The complicated allure of industrial tourism
Brooklyn, United States
New York’s Brooklyn Navy Yard opened in 1801 and was used to build warships, including the United States’ first steam-powered military ship, the Fulton Steam Frigate. After the shipyard closed in 1966, it was turned into a city park. Today, it is a 300-acre industrial park with more than 40 buildings, including residential and office space. The Brooklyn Historical Society hosts bus and bike tours of the Navy yard.
A truly unique experience can be found at the BMW Plant in Munich. Tours lead visitors throughout the automobile factory, allowing them to witness how parts are produced, how engines are built and how cars are assembled. Tours include visits to the BMW press shop, body shop, paint shop and engine assembly area.
Detroit, United States
Once the centre of the United States’ automotive industry and an economic powerhouse, Detroit is a must-visit city for industrial tourism. Travellers can explore the history of Ford Motor Company at the Piquette Avenue Plant, where the Model T — the first affordable car for everyday Americans — was born. A few minutes away from Piquette Avenue, visitors can see manufacturing in action at the Ford Rouge Factory, the only Detroit automotive plant tour available to the public. The Rouge offers tours of its assembly plant, observation deck and legacy gallery – which houses five historic Ford cars.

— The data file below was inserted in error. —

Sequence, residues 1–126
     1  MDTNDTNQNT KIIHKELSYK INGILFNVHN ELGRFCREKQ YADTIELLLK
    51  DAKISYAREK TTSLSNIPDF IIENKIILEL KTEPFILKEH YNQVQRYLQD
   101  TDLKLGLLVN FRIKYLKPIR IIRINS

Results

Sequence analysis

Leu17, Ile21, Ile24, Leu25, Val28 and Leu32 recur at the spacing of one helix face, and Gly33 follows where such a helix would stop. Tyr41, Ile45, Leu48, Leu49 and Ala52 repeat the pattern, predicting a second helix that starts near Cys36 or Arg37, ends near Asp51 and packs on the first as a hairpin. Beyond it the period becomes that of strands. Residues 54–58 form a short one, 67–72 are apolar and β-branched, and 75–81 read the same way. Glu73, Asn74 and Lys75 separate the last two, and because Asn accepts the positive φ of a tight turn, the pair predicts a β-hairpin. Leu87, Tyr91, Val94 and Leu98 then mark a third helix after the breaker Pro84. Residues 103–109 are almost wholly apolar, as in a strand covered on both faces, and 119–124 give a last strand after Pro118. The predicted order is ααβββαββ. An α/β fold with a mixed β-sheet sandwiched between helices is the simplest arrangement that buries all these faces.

Throughout Detroit, the city’s ruins provide an even grittier look into its industrial past. The abandoned Packard Motor Car Plant, on East Grand Boulevard, has become an attraction for photographers, street artists, skateboarders and even paintballers. A Detroit News video provides a glimpse into the appreciation locals have for the deteriorating building.